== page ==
Labour has accused the Conservatives of planning to support businesses with soaring bills on the backs of British families and pensioners instead of energy giants.
Business secretary Jacob Rees-Mogg is set to unveil a multi-billion package of aid on Wednesday amid fears many companies could go to the wall this winter.
Under the plans, millions of businesses across Britain are set to have their energy bills capped for six months from as early as October.
Independent local pubs will also be among a number of “vulnerable” groups who will receive longer-term help, Liz Truss has indicated.
As prices skyrocket some businesses have already been forced to shut their doors. Others have reported projected increases in their energy costs of more than 500 per cent.
Shadow climate change secretary Ed Miliband, said: “This week we will find out who the prime minister believes should carry the financial burden for the energy crisis; hard-working families and pensioners across Britain, or the energy companies making £170bn in excess windfall profits.
“Labour believes that, during a cost of living crisis, the companies making record profits should pay their fair share, and that a windfall tax should be the first port of call for the government, rather than making British families and pensioners pay.
“With one in every four businesses already exposed, the government must urgently set out support what support they will offer businesses across the country.”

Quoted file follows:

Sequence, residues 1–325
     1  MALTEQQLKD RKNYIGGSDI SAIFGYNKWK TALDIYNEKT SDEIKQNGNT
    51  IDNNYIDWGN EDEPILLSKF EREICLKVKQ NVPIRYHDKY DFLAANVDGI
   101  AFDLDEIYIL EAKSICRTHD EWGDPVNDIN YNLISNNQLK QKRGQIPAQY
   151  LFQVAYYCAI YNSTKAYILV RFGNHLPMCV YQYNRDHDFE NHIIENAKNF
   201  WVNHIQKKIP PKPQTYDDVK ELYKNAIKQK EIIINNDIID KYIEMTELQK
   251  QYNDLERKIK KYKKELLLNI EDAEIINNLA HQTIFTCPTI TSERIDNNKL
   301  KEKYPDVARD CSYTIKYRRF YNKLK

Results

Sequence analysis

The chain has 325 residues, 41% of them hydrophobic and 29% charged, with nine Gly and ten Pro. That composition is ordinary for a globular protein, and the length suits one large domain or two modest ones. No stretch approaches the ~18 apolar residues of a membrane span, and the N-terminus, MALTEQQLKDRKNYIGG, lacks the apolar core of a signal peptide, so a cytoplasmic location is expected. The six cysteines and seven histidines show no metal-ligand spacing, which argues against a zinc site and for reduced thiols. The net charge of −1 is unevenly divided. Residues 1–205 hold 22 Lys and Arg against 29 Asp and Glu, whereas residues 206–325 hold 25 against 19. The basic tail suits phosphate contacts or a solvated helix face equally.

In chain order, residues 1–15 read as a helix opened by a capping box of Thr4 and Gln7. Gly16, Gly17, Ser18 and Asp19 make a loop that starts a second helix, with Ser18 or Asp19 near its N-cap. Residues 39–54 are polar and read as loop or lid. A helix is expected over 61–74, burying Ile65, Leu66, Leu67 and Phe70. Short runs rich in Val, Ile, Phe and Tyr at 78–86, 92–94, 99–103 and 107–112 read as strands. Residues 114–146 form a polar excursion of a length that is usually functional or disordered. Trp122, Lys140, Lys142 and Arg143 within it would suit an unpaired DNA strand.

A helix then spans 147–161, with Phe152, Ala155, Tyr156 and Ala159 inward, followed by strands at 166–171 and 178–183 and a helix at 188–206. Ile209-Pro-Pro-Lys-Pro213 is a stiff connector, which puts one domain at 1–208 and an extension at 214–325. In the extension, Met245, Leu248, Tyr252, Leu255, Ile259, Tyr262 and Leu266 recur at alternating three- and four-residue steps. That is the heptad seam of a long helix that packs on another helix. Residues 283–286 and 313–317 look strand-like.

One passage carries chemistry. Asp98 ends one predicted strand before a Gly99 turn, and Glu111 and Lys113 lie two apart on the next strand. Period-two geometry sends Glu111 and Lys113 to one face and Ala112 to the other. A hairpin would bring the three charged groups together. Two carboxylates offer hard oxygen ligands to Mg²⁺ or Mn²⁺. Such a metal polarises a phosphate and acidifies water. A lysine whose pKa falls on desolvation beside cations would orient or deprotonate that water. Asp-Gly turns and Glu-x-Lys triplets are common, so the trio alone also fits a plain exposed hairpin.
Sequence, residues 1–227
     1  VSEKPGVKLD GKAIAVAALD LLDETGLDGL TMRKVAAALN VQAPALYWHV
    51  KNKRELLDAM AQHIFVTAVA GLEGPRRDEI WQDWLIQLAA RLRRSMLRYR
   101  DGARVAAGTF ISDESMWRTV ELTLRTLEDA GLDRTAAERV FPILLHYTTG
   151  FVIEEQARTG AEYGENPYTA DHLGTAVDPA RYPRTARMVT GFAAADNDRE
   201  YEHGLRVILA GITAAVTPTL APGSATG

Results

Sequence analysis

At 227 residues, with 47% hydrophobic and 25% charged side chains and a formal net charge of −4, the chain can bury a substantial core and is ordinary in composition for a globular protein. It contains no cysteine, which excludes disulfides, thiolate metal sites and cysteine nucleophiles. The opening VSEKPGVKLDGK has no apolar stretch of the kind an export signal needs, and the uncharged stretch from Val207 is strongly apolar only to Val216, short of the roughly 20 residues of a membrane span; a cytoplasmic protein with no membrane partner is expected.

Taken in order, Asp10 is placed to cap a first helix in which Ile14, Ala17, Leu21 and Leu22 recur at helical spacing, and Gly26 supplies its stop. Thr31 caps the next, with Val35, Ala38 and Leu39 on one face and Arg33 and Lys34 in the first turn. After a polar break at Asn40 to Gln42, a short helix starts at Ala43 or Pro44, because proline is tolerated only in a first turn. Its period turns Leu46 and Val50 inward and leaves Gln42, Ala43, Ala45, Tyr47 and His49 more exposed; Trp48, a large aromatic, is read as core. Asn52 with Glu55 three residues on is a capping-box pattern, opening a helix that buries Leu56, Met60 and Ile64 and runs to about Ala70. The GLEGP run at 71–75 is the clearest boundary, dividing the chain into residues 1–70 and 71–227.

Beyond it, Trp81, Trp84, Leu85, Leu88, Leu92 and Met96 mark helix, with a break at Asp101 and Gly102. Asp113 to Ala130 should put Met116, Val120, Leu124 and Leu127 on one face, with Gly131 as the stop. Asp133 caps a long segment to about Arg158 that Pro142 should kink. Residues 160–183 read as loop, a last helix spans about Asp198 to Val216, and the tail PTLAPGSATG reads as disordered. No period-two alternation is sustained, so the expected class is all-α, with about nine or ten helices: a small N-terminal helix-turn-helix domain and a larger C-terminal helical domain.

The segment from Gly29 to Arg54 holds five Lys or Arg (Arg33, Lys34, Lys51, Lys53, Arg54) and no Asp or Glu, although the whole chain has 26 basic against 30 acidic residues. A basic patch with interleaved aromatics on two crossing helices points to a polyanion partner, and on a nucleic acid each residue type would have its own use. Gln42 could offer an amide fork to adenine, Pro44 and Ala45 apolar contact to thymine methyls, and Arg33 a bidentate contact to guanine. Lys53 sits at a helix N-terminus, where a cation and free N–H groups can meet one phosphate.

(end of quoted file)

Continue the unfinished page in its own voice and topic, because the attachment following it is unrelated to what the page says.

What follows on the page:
He added: “If Liz Truss opposes making the energy companies pay what they owe, she must explain to the public why their taxes will be higher for years to come.”
On a trip to a United Nations summit in New York, the prime minister said soaring energy bills were a “price worth paying” to ensure the UK’s “long-term security” after Russia’s invasion of Ukraine caused costs to spike.
She appeared to defend her rejection of Labour’s call for a windfall tax on energy firms to pay for the support, which polls suggest is popular with the public. Asked by Sky News if she was prepared to be unpopular, she replied: “Yes, yes I am.”
She also insisted the cost to the taxpayer of her energy package, being paid for by borrowing, is “not what has been projected”. Reported estimates have ranged as high as £150 billion.
Earlier this month Ms Truss announced a multibillion-pound price guarantee that will cap average annual household bills at £2,500.
A similar scheme for the UK’s businesses and other non-domestic users is expected to be set out on Wednesday.